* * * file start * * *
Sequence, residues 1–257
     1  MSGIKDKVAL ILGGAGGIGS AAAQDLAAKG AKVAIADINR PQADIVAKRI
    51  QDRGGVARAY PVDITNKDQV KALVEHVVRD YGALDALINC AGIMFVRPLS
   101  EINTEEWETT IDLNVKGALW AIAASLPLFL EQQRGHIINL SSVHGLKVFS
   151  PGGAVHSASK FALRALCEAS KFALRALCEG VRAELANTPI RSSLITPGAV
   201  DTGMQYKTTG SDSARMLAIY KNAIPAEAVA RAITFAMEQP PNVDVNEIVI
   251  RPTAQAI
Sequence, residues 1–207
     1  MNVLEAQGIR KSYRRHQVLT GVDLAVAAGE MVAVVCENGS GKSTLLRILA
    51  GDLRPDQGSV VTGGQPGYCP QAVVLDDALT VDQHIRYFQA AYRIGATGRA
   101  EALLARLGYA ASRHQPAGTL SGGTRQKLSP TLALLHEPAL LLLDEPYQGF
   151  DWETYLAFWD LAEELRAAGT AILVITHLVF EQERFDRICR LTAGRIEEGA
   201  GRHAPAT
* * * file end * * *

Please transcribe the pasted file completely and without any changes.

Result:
Sequence, residues 1–257
     1  MSGIKDKVAL ILGGAGGIGS AAAQDLAAKG AKVAIADINR PQADIVAKRI
    51  QDRGGVARAY PVDITNKDQV KALVEHVVRD YGALDALINC AGIMFVRPLS
   101  EINTEEWETT IDLNVKGALW AIAASLPLFL EQQRGHIINL SSVHGLKVFS
   151  PGGAVHSASK FALRALCEAS KFALRALCEG VRAELANTPI RSSLITPGAV
   201  DTGMQYKTTG SDSARMLAIY KNAIPAEAVA RAITFAMEQP PNVDVNEIVI
   251  RPTAQAI
Sequence, residues 1–207
     1  MNVLEAQGIR KSYRRHQVLT GVDLAVAAGE MVAVVCENGS GKSTLLRILA
    51  GDLRPDQGSV VTGGQPGYCP QAVVLDDALT VDQHIRYFQA AYRIGATGRA
   101  EALLARLGYA ASRHQPAGTL SGGTRQKLSP TLALLHEPAL LLLDEPYQGF
   151  DWETYLAFWD LAEELRAAGT AILVITHLVF EQERFDRICR LTAGRIEEGA
   201  GRHAPAT